The government has zeroed in on six laggard segments – especially enforcing contracts, registering property and starting a business — that have prevented India from breaking into the league of top 50 nations in the World Bank’s ease of doing business index.
The country’s rank under the Modi government leaped from 142nd in the 2015 report (which reflected reforms undertaken mostly up to May 2014) to 63rd in the report released last year. But its lacklustre performance in six of the 10 indicators delayed the achievement of its target of being in top 50.
To ensure improved performance in “enforcing contracts”, in which India held the 163rd rank last year, the government, with the help of the judiciary, wants to set up more commercial courts and fast-track important cases through daily hearings. The Delhi government has already approved a proposal to set up 22 commercial courts while Mumbai has plans for 16.
A senior government official said it took an average of 1,445 days and 31% of claim value to enforce a contract last year. The effort is to bring down the number of days to 1,200 now. The government also wants to raise awareness about the electronic case management tool facility for judges and lawyers and introduce pre-trial conference. Online filings and electronic summons are to be encouraged.
In registering property, the government intends to ensure that the number of days taken for it is brought down to less than 38 from 58 and the cost to 7.3% of the property value from 7.8%. In this indicator, India was ranked 154th last year.
Similarly, novel land titling laws are expected to be implemented in the coming years. The government also wants to ensure that all land records are digitised across states and all plots witness cadastral mapping. An independent grievance redressal system, public availability of property dispute statistics are among the proposals.
Of course, for all the plans to be implemented, a massive collaborative effort involving various wings of the central and state governments (covering Delhi, Mumbai, Kolkata and Bangalore that are included in the World Bank’s survey), judiciary and regulators is a must. The department for promotion of industry and internal trade (DPIIT) has been spearheading the ease of doing business initiative.
In “paying taxes” (India was ranked 115th in it), the government intends to reduce the average time taken from 252 hours a year to 152 hours. It also plans to reduce time taken for various compliances under the Employee State Insurance Corporation and Employee Provident Fund Organisation.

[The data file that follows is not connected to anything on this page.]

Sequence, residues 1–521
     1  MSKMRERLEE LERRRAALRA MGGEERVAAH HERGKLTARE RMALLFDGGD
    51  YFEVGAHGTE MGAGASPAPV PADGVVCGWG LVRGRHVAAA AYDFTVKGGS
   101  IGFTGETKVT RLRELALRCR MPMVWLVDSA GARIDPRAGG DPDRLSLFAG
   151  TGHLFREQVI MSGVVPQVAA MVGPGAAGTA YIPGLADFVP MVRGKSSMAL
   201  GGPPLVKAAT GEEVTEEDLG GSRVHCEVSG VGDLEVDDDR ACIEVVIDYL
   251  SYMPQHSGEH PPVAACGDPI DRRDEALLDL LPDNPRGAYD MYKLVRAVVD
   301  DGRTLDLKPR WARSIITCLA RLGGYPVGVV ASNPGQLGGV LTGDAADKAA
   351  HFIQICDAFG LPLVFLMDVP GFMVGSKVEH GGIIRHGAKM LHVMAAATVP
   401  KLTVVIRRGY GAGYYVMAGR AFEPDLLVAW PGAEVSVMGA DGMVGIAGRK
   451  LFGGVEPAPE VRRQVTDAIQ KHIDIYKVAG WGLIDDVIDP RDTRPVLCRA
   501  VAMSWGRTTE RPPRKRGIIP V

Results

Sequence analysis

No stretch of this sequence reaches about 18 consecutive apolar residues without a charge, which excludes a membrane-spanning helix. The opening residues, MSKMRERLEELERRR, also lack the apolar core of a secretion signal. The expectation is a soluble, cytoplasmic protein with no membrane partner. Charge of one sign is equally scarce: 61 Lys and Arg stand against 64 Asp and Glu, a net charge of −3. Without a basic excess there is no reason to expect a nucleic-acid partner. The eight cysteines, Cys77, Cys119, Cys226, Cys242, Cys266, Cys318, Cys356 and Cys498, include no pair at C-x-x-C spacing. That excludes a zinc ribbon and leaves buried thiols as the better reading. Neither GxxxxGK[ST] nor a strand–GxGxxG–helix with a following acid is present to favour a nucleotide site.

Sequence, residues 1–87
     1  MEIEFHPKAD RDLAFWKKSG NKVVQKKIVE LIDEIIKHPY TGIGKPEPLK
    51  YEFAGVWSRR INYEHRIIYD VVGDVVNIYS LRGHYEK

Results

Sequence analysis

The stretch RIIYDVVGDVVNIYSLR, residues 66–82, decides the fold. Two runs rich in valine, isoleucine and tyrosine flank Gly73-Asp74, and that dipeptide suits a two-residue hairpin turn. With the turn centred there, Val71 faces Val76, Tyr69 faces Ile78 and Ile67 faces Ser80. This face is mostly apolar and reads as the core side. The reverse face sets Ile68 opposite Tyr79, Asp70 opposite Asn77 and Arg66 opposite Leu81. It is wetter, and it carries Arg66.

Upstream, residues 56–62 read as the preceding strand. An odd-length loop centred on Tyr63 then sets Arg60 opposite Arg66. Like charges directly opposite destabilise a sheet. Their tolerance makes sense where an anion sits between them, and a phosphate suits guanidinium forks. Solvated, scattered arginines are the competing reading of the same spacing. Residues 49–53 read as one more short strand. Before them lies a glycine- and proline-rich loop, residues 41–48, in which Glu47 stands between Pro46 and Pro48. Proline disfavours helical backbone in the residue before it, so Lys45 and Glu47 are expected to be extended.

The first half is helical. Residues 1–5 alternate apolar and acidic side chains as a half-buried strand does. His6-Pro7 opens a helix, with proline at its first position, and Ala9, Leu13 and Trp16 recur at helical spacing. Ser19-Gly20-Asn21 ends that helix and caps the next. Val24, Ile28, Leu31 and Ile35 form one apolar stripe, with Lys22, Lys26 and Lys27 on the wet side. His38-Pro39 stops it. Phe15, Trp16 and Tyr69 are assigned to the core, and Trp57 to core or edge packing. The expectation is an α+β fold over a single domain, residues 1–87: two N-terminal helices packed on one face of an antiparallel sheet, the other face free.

As for “starting a business”, the government is planning to reduce the number of procedures from 10 to less than 4. It also wants to reduce the average number of days taken to set up a business from 18 days to just six. In this indicator, India occupied the 136th spot in last year’s ranking.
In “trading across the border”, in which the country was ranked 68th, plans are afoot to reduce the average time taken for imports to 48 hours from 70 hours. For exports, this will be cut from 54 hours to 48 hours. Manual clearances by officers will be replaced with automated approval. Direct port delivery for imports and entry for exports will be raised.
While insolvency resolution has made great strides in recent years (India’s rank improved from 103rd in 2017 to 52nd last year), thanks to the implementation of the Insolvency and Bankruptcy Code, the government wants to step up its focus on it, considering its potential for further improvement. Broad-basing of the committee of creditors (CoC) by including operational creditors in it is one of the plans that has been mooted. The CoC, which has to endorse resolution plans for stressed assets with a 66% majority, currently comprises only financial creditors. Of course, any such plan has to go through rigorous examination.
Barring these six, in the four other gauges—protecting minority investors”, getting electricity, getting credit and construction permit—the country’s rank is already ranging from 13th to 27th, with limited scope for a dramatic improvement. Prime Minister Narendra Modi had set the target for India to be among the top 50 countries in ease of doing business.
Each year’s rank in the ease of doing business index usually reflects stakeholders’ perception of reforms undertaken up to the month of May of the previous year (except for the “paying taxes” category where the deadline is end-December). For instance, the 2020 rank, released last year, had captured these reforms undertaken in the year through May 2019.